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HOKA [Mass Market Paperback]

Poul Anderson , Gordon R. Dickson

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Product Details

  • Mass Market Paperback
  • Publisher: Tor Books (June 22 1984)
  • Language: English
  • ISBN-10: 0812535677
  • ISBN-13: 978-0812535679
  • Product Dimensions: 17 x 8.6 x 1.8 cm
  • Shipping Weight: 113 g

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Customer Reviews

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Most Helpful Customer Reviews on Amazon.com (beta)
Amazon.com: 3.8 out of 5 stars  5 reviews
1 of 1 people found the following review helpful
5.0 out of 5 stars Teddy bears and SF May 13 1999
By Bill - Published on Amazon.com
If you like teddy bears and science fiction you will love "Hoka". Hoka is a planet discovered by Earth explorers whose inhabtants look exactly like teddy bears. Anderson and Dickson use this premise to expound on human legends and tall tales with hilarious results. A must read.
4.0 out of 5 stars Baseball Comebacks, Literary Spies, and Kaa's Hunting May 15 2013
By Paul Camp - Published on Amazon.com
Poul Anderson and Gordon R. Dickson's _Hoka!_ (1983) is the third and final Hoka book. It is not quite as lively as the first in the series, _Earthman's Burden_ (1957); but it is a touch better than _Star Prince Charlie_ (1975). It consists of four novelettes: "Joy in Mudville" (_Fantasy and Science Fiction_, 1955), "Undiplomatic Immunity" (_F&SF_, 1957), "Full Pack (Hokas Wild)" (_F&SF_, 1957) and "The Napoleon Crime" (_Amazing_, 1983). There is also an uncalled for and heavy-handed spoof of left-wing criticism by Sandra Miesel written especially for the book. A more entertaining literary satire is in the second story.

All of the stories are passable fun. I especially liked "Joy in Mudville," in which the Hokas are determined to reinact Casey at the Bat against the rival octopoid team from Saren, and "Full Pack," in which the Hokas (along with some other aliens) reinact _The Jungle Book_. But some of the stories -- particularly "Full Pack" and "The Napoleon Crime"-- drag on a bit too long. And the punch line spoken by Alex Jones in the last tale was used by a villain in _Earthman's Burden_, which weakens the effect a bit.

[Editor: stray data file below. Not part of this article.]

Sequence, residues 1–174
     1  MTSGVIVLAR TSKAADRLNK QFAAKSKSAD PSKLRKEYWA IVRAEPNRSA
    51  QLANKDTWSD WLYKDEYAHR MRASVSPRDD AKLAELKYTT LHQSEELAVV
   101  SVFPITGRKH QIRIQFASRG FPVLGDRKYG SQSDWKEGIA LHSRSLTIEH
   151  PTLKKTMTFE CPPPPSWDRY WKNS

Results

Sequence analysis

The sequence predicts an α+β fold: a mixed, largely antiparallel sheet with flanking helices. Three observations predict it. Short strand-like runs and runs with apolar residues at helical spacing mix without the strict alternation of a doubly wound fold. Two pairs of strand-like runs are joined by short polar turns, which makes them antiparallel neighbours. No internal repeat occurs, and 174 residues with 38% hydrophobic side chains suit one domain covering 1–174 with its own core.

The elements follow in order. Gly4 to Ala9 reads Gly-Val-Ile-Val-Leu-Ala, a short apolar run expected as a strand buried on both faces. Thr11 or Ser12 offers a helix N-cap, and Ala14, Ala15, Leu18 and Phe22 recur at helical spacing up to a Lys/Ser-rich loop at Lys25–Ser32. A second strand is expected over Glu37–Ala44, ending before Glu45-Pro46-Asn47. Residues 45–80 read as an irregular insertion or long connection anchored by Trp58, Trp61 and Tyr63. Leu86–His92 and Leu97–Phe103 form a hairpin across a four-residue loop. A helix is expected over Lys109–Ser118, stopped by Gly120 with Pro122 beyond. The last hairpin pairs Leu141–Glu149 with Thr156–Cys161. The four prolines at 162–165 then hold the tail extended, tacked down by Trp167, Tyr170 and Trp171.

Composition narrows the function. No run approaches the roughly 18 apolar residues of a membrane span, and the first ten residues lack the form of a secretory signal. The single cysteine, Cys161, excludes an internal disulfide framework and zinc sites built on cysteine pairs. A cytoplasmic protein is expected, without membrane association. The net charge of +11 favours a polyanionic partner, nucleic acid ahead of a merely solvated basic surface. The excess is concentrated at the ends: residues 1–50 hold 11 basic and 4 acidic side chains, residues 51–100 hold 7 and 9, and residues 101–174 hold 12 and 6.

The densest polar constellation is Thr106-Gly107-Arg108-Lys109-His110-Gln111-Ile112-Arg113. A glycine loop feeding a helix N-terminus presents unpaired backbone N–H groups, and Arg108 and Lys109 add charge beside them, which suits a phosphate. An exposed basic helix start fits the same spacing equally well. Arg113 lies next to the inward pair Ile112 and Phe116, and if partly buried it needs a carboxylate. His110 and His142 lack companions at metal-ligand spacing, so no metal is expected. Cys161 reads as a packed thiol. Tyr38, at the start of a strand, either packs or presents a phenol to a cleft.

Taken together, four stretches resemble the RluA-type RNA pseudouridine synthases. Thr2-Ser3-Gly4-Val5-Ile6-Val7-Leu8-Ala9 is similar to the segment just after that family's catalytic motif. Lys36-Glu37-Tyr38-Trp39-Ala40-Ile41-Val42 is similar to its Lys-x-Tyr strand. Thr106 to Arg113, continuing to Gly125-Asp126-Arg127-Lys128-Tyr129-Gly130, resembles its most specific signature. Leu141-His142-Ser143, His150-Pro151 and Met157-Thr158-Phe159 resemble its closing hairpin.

There are a generous number of interior illustrations by a variety of artists. The quality is somewhat mixed. But I did like Phil Foglio's cover and his street scene on page 156 showing the Childe Cycles Shop and the 3 Hearts and 3 Lions Tavern. None of them had quite the comic dazzle for me of Edd Cartier's original illustrations in _Earthman's Burden_. Perhaps readers with more modern tastes than my own will find the illustrations more to their liking.

All in all, good entertainment. And you can always pass over Sandra Miesel's tiresome spoof.
4.0 out of 5 stars Fairly funny Dec 16 2012
By SanteeFats - Published on Amazon.com
Format:Paperback|Verified Purchase
If you can imagine furry teddy bears that can think but also take everything as gospel then you should like this book. The scenarios are based on old Earth fairy tales and fantasy stories the the inhabitants take WAY over the top.
4.0 out of 5 stars silly, but yes, mildly enjoyable Dec 15 2004
By yoshele - Published on Amazon.com
Hoka is a silly book about an alien race, the Hoka. Their unique characteristics are that they resemble our Earth teddy bears, and they have an absolutely wild and hypnotic imagination. Upon discovery by Earthlings, the Hokas are unwittingly exposed to and greatly influenced by human culture. This often leads to humerous results.

I found myself initially turned off by the unsophisticated and simple short story format. I was expecting more development. These stories just kinda dive right in. But, the book grew on me and I got a few good chuckles from it. For big science fiction fans, it probably won't satisfy your craving for a good sci-fi book. But, for anyone wanting to kill some time reading something a little off the wall, you won't be dissapointed. Probably a good book for kids. It's a quick read, too.
0 of 1 people found the following review helpful
2.0 out of 5 stars Hokey! May 24 2006
By www.geocities.com/dedtreereport/ - Published on Amazon.com
Light as air fluff contains vignettes about an alien world of sentient teddy bears who enjoy American popular culture. Not as entertaining as it sounds, and even the opportunity for parable style social criticism is wasted.

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